Quality childcare and educational support.
Evidence-based programs to improve parenting skills and family relationships.
All strategies must be age specific for children and must be sensitive to racial disparities and structural inequalities. They must reach the children who need them most.
In the closing words of the paper, “Effective action to reduce health disparities and protect children from direct and secondary harms from COVID-19 is a public health and moral imperative.”
CDC works 24/7 protecting America’s health, safety and security. Whether diseases start at home or abroad, are curable or preventable, chronic or acute, or from human activity or deliberate attack, CDC responds to America’s most pressing health threats. CDC is headquartered in Atlanta and has experts located throughout the United States and the world.
About the National Institute on Drug Abuse (NIDA): NIDA is a component of the National Institutes of Health, U.S. Department of Health and Human Services. NIDA supports most of the world’s research on the health aspects of drug use and addiction. The Institute carries out a large variety of programs to inform policy, improve practice, and advance addiction science. For more information about NIDA and its programs, visit www.nida.nih.gov.
About the National Institutes of Health (NIH): NIH, the nation’s medical research agency, includes 27 Institutes and Centers and is a component of the U.S. Department of Health and Human Services. NIH is the primary federal agency conducting and supporting basic, clinical, and translational medical research, and is investigating the causes, treatments, and cures for both common and rare diseases. For more information about NIH and its programs, visit www.nih.gov.
COVID-19 vaccines are highly effective in preventing symptomatic illness among health care workers in real-world settings.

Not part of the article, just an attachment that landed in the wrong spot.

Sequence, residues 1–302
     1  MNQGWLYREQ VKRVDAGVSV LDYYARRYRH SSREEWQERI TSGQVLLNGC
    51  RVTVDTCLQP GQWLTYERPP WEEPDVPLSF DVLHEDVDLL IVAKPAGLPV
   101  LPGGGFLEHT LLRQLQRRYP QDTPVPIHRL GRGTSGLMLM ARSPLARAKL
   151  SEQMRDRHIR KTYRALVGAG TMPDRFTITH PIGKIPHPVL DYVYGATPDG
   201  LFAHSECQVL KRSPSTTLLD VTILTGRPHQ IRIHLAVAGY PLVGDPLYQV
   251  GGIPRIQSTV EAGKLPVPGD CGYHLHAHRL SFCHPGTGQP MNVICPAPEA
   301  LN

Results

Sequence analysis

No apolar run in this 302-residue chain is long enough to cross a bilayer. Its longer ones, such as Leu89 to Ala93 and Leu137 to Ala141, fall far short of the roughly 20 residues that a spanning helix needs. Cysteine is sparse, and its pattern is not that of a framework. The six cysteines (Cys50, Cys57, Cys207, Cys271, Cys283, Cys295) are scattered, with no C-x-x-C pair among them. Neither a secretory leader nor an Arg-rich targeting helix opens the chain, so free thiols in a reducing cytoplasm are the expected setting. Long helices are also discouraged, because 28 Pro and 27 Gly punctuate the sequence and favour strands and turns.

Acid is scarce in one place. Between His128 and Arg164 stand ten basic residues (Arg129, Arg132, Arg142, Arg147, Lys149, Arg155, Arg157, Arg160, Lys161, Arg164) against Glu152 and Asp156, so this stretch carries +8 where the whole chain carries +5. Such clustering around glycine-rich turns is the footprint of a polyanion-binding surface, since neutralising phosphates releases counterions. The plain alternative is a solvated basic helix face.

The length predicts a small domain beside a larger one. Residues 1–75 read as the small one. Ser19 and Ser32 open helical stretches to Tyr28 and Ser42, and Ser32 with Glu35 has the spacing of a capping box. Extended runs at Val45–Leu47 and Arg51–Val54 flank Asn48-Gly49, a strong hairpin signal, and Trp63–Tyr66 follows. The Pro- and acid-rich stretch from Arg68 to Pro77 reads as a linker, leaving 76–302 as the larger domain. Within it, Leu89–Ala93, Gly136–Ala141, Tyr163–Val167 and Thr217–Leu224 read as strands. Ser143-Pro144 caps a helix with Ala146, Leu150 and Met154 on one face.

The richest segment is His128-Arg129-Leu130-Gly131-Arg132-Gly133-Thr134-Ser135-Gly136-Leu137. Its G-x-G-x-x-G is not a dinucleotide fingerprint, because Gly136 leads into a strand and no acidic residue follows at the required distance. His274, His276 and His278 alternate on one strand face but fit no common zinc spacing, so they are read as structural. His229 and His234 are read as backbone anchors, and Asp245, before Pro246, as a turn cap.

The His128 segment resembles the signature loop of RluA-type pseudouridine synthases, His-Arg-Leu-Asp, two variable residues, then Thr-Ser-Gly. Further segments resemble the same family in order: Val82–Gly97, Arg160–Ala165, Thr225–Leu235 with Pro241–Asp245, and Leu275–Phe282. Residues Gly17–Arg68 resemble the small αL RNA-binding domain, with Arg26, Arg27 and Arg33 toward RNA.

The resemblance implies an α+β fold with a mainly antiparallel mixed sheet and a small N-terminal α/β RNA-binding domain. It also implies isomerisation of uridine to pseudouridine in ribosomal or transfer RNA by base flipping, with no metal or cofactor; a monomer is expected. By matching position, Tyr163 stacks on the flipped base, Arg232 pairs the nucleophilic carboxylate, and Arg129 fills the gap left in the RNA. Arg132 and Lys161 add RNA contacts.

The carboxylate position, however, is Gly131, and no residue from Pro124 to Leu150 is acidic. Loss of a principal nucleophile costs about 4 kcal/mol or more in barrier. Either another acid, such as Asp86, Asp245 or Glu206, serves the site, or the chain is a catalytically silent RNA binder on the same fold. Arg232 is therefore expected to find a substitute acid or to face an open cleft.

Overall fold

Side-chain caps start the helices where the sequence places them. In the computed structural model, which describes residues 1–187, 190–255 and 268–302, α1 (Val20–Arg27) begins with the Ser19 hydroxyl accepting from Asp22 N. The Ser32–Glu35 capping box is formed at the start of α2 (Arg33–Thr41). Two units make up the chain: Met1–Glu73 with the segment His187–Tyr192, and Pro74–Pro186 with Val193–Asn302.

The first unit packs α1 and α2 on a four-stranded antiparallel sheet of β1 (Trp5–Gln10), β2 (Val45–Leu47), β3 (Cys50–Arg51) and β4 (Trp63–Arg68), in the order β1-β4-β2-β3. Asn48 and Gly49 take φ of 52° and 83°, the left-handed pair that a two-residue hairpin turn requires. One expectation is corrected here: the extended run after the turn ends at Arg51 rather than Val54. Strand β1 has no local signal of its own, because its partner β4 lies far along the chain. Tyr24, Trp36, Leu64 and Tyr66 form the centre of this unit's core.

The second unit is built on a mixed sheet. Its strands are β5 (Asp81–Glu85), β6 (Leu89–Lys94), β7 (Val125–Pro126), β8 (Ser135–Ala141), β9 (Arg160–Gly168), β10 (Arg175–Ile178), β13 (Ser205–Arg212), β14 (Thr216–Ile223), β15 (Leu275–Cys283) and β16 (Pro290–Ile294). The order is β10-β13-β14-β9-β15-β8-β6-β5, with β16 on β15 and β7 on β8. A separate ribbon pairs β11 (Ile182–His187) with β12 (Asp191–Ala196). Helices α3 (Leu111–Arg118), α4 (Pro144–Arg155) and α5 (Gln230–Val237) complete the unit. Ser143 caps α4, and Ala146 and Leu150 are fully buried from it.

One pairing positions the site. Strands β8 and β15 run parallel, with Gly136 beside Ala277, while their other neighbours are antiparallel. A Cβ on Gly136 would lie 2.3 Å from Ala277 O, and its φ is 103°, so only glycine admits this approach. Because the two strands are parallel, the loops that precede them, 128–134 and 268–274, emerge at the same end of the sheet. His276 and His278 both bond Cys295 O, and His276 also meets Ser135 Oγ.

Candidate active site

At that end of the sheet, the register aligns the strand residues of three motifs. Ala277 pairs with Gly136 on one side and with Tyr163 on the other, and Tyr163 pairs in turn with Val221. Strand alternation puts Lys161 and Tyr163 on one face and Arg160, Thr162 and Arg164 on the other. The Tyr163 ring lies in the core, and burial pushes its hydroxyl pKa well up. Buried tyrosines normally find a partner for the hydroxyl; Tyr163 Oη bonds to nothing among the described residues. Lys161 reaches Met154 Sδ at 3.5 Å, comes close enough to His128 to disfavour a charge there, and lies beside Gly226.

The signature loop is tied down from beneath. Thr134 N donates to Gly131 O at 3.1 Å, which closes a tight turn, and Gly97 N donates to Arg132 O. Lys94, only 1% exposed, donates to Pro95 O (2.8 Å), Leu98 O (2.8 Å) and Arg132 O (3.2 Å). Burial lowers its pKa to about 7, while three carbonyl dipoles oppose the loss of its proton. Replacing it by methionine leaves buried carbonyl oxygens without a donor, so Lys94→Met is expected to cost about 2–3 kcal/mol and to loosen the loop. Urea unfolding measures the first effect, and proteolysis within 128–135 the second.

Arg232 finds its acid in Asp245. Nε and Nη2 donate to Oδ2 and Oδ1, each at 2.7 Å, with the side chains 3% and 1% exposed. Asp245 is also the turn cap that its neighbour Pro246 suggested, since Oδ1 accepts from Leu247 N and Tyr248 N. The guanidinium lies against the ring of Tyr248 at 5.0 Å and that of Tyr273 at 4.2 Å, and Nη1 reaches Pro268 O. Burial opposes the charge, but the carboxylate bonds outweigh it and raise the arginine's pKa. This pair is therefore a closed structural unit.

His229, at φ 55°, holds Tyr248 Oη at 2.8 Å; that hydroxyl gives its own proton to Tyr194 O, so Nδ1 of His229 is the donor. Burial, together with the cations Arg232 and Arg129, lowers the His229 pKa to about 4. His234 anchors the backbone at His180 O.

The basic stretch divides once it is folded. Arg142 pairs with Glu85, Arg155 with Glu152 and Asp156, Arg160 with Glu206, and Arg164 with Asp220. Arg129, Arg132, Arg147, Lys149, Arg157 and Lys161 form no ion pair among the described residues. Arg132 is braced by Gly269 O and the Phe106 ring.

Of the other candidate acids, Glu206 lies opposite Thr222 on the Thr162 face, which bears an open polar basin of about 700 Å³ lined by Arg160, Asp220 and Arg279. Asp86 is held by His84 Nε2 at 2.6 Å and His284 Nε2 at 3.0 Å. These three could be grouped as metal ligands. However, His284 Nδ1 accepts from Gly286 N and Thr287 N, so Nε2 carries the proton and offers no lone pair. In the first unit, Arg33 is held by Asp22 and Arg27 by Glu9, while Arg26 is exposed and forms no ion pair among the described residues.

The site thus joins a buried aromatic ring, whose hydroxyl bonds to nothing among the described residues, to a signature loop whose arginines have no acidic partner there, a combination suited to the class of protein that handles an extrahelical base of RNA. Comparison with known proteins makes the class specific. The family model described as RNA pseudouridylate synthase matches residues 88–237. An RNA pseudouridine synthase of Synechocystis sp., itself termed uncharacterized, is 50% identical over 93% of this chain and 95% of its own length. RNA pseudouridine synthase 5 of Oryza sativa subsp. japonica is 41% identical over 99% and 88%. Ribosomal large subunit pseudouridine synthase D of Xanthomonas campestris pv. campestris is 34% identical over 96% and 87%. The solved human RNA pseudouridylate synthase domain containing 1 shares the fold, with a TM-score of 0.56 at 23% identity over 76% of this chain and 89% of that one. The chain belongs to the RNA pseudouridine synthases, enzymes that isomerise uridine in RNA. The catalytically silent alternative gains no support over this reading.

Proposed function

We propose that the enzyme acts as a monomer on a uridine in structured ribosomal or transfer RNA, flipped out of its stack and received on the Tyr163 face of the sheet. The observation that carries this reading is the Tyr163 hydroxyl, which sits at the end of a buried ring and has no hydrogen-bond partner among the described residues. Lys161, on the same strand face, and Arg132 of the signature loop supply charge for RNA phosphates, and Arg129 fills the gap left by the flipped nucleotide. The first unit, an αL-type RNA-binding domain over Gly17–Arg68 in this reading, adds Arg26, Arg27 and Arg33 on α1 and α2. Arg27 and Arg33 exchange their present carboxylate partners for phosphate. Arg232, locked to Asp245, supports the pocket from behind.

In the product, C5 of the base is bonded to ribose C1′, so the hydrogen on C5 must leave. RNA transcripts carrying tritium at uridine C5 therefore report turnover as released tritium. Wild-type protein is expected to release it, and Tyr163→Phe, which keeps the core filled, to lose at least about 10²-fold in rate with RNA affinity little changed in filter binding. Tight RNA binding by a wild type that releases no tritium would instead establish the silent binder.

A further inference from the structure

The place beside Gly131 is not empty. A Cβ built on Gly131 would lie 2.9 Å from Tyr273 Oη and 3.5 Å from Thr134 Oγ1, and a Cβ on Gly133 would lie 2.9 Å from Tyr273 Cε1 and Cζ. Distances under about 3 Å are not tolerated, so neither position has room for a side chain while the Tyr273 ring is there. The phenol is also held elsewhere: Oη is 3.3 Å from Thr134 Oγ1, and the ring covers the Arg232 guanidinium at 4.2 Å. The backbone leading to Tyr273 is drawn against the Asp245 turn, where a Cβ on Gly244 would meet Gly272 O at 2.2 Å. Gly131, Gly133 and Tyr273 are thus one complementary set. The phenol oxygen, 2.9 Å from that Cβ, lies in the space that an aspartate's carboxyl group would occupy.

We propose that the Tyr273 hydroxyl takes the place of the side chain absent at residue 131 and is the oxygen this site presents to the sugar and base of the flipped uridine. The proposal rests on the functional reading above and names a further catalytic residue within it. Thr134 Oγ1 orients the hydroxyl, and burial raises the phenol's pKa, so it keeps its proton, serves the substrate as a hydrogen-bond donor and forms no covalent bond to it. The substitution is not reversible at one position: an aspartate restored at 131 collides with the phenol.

The study, published in the New England Journal of Medicine, found that health care personnel who received a two-dose regimen of Pfizer–BioNTech vaccine had an 89% lower risk for symptomatic illness than those who were unvaccinated. For those who received the two-dose regimen of the Moderna vaccine, the risk was reduced by 96%.
The researchers also found that the vaccines appeared to work just as well for people who are over age 50, are in racial or ethnic groups that have been disproportionately affected by COVID-19, have underlying medical conditions and have greater exposure to patients with COVID-19.
The vaccines’ effectiveness was, however, lower in immunocompromised people.
“That this study demonstrated the effectiveness of the Pfizer–BioNTech and Moderna COVID-19 vaccines to protect health care workers — people who worked tirelessly and at great potential risk to care for their friends and neighbors — is a major statement to address any remaining skepticism about the importance of everyone getting vaccinated,” said Dr. David Talan, a professor of emergency medicine and of medicine and infectious diseases at the David Geffen School of Medicine at UCLA, and the study’s co-lead author.
The project, Preventing Emerging Infections through Vaccine Effectiveness Testing, or PREVENT, was conducted with researchers from the University of Iowa’s Carver College of Medicine. The study evaluated nearly 5,000 health care workers — 1,482 who had tested positive for COVID-19 and displayed symptoms of the disease and 3,449 who had COVID-19–like symptoms but had tested negative for the disease. The participants were from 33 U.S. academic medical centers, including Olive View–UCLA Medical Center in Sylmar, California.